• IF the right monitors are in place, and the right training and right documentation has been provided, and the right alerts are configured, I don't get called out of bed at 3 a.m. on a weekend by the Help Desk.  That's HUGE in my book.
    • Knowing the trends of utilization or errors or temperature--or whatever makes your network or systems work poorly or well--means you can move into Predictive mode instead of being stuck in Reactive mode.  It can even facilitate your ability to create SLA's with your customers.  And that makes for better sleep for me AND for the customers.
    • Great monitoring helps me verify whether SLA's between me and my Service Providers have been violated or kept.  Which can mean refunds, penalties, improved services, or a decision for me to move drop a problem provider and start a new relationship with other Service Providers.
    • Fewer complaints by customers.  This assumes you've not only set up a new System Monitoring Tool, but you're actually using it to take action that improves reliability, performance, availability, etc.  And those all equate to fewer customer complaints, fewer Help Desk Tickets, improved MTTI (Mean Time To Innocence)--and more sleep for you or your team!
  • A happier future
    • When we do well with monitors, we act on what they report.  When we act appropriately we improve customer satisfaction and reduce downtime or slowed production costs.  That equates to fewer hours wasted on problems, more hours growing and improving everything.  And that ties directly into great employee performance reviews.
    • These items can mean job title improvements, bonuses, raises, better work environment, better toys, more staff, and all the good things that come with these.
Level 16

Thanks for the write up! Digging through log files isn't much fun but there are tools out there now that can do it in a big hurry if you learn their search language.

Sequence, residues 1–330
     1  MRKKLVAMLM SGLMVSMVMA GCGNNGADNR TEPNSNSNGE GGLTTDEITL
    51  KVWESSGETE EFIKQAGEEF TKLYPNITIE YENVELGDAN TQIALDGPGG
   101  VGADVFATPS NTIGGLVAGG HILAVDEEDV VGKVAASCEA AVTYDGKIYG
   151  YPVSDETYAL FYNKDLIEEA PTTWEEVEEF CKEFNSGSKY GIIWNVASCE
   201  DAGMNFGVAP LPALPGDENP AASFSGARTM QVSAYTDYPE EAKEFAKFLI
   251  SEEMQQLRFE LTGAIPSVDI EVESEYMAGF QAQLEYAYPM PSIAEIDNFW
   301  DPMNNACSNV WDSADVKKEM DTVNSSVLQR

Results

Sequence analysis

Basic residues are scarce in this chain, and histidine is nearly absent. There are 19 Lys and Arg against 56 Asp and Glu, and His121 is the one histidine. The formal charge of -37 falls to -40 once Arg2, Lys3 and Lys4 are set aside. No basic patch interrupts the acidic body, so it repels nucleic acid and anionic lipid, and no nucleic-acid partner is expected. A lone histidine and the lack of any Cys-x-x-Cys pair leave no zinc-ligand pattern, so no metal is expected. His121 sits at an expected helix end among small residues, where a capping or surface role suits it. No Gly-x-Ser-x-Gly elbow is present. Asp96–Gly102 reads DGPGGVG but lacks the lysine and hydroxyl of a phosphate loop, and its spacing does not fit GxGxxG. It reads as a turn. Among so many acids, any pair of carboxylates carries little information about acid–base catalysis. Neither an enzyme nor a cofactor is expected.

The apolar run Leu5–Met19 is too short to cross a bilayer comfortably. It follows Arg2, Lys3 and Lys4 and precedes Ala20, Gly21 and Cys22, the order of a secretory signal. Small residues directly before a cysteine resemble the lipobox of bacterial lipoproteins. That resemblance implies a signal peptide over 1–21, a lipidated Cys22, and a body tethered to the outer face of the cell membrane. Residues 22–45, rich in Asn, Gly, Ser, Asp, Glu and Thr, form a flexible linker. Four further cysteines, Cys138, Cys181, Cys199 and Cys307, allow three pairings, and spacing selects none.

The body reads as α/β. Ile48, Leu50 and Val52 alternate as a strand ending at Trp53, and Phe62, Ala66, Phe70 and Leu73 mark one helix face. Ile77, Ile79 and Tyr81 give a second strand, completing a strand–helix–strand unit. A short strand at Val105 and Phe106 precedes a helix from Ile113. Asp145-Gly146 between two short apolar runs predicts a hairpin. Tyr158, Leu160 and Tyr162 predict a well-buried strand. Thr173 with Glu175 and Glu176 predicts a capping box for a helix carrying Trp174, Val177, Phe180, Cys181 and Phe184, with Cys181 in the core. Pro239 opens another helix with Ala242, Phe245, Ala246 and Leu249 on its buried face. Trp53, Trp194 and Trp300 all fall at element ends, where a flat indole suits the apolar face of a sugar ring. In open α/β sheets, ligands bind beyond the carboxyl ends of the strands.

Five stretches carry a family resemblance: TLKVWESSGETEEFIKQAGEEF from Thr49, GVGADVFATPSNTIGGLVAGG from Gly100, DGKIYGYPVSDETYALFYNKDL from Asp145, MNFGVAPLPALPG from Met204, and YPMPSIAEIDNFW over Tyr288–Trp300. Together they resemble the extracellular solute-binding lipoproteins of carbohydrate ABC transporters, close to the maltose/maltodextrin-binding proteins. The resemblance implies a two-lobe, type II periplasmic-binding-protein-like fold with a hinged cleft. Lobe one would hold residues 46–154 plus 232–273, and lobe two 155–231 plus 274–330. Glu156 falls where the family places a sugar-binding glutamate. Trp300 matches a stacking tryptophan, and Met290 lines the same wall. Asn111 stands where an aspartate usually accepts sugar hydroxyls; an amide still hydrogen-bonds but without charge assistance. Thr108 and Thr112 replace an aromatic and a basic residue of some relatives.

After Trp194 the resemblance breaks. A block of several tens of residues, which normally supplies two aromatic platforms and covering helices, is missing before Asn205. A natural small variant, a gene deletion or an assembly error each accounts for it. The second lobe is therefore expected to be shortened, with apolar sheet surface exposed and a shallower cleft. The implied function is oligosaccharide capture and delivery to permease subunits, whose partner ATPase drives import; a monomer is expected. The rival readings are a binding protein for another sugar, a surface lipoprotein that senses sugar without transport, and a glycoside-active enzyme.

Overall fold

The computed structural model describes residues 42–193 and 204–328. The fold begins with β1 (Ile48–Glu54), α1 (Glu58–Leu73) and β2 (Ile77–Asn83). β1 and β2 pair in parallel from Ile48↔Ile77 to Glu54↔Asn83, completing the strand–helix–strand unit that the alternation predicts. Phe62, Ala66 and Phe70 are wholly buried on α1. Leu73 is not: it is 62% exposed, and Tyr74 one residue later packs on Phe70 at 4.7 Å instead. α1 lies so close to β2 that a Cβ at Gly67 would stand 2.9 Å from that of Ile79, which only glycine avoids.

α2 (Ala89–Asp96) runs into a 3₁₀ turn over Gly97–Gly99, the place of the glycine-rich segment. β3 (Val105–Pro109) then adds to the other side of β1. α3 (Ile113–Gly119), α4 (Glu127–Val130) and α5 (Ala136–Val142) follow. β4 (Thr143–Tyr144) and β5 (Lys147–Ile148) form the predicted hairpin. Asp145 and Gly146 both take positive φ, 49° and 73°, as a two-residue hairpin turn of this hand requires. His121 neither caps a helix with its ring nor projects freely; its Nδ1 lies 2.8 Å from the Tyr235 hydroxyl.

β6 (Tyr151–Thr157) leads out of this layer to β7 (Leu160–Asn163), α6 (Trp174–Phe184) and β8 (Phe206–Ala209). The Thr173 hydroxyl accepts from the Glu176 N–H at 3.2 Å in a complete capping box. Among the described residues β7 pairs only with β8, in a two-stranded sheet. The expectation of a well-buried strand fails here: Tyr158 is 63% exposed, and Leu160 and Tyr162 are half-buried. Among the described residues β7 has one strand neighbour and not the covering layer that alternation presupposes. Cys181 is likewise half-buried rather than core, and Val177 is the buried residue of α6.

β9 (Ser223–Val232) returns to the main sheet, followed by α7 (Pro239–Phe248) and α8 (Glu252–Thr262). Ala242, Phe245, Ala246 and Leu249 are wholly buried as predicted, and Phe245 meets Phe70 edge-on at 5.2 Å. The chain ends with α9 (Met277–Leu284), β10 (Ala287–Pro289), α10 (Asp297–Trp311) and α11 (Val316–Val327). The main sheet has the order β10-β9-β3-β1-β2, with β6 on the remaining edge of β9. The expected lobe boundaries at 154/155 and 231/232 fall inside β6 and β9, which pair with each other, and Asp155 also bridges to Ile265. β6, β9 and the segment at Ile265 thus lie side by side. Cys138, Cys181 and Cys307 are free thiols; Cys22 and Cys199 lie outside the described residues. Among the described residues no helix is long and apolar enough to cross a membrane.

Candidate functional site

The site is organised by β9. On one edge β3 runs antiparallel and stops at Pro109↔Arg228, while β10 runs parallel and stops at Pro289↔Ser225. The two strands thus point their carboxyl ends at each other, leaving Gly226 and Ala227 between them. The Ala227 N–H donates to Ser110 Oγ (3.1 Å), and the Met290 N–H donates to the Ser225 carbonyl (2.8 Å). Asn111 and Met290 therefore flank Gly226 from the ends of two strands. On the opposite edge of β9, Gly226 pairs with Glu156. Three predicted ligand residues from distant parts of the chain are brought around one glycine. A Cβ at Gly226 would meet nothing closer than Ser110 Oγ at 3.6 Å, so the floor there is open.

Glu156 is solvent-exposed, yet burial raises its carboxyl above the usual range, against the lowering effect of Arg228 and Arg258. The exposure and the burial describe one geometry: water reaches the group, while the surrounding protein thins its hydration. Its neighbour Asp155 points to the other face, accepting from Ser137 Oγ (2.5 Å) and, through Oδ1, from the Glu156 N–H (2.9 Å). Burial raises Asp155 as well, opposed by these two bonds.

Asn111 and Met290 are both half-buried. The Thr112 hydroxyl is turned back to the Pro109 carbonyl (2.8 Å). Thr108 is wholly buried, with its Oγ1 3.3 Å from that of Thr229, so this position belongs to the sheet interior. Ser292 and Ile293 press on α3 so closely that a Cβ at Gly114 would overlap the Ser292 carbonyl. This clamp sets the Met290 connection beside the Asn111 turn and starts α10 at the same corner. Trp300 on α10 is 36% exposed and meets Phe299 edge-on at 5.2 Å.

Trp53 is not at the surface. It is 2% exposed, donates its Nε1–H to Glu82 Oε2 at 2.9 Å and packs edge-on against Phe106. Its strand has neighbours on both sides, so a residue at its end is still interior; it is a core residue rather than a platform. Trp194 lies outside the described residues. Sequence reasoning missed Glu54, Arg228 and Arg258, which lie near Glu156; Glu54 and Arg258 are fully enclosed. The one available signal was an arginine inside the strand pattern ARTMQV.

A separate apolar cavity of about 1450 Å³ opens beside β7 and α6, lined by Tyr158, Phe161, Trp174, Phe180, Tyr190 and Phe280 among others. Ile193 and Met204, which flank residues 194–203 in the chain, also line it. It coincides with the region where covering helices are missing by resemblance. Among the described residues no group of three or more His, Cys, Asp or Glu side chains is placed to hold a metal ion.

MVP
MVP

Nice write up

Level 20

Seems like a good article for mirroring of the new SCM module!

Level 13

Thanks another good article.

Level 16

I actually enjoy my position in monitoring quite well. I once was a Cisco engineer at a large retailer and it was a great gig for many years. Eventually it just became boring to me to do the same think over and over. Year 1, research and design a new network (fun). Year 2, a full (boring) year of project planning. Year 3, a very stressful year of  implementation, down times, working 2nd and 3rd shift.  Wash, rinse, repeat. (oh, and study and re-certify every 3 as well.)

A few years back I decided I would try something different, Network Management was what it used to be called. I have enjoyed that change a lot. Now instead of being an expert in just one thing I'm good at a lot of things and even not very good at a lot as well

Now when I show up to work, who knows what I will be working on? Could be any one of many tools, operating systems, or programming languages and how much more fun can that be?

I've been pretty happy with it!

Level 14

I quite enjoy setting up good monitoring as I know it will help me when one of the 1000+ servers 'has an issue'.  It's great when I can quickly find out what has happened and prove to the network people that it really is their problem  ( ).   I've recently used Appinsight for SQL to show our DBAs that it isn't the server that is causing database slowness, it is the badly configured database.  That was particularly satisfying. 

I am trying to hone our process for major incidents to focus on the post mortem stage, especially the AAR. I am stressing the question, "Could monitoring have prevented this outage from occurring?" I don't think my service owners are liking my approach too much. From an Infrastructure perspective we are pretty set...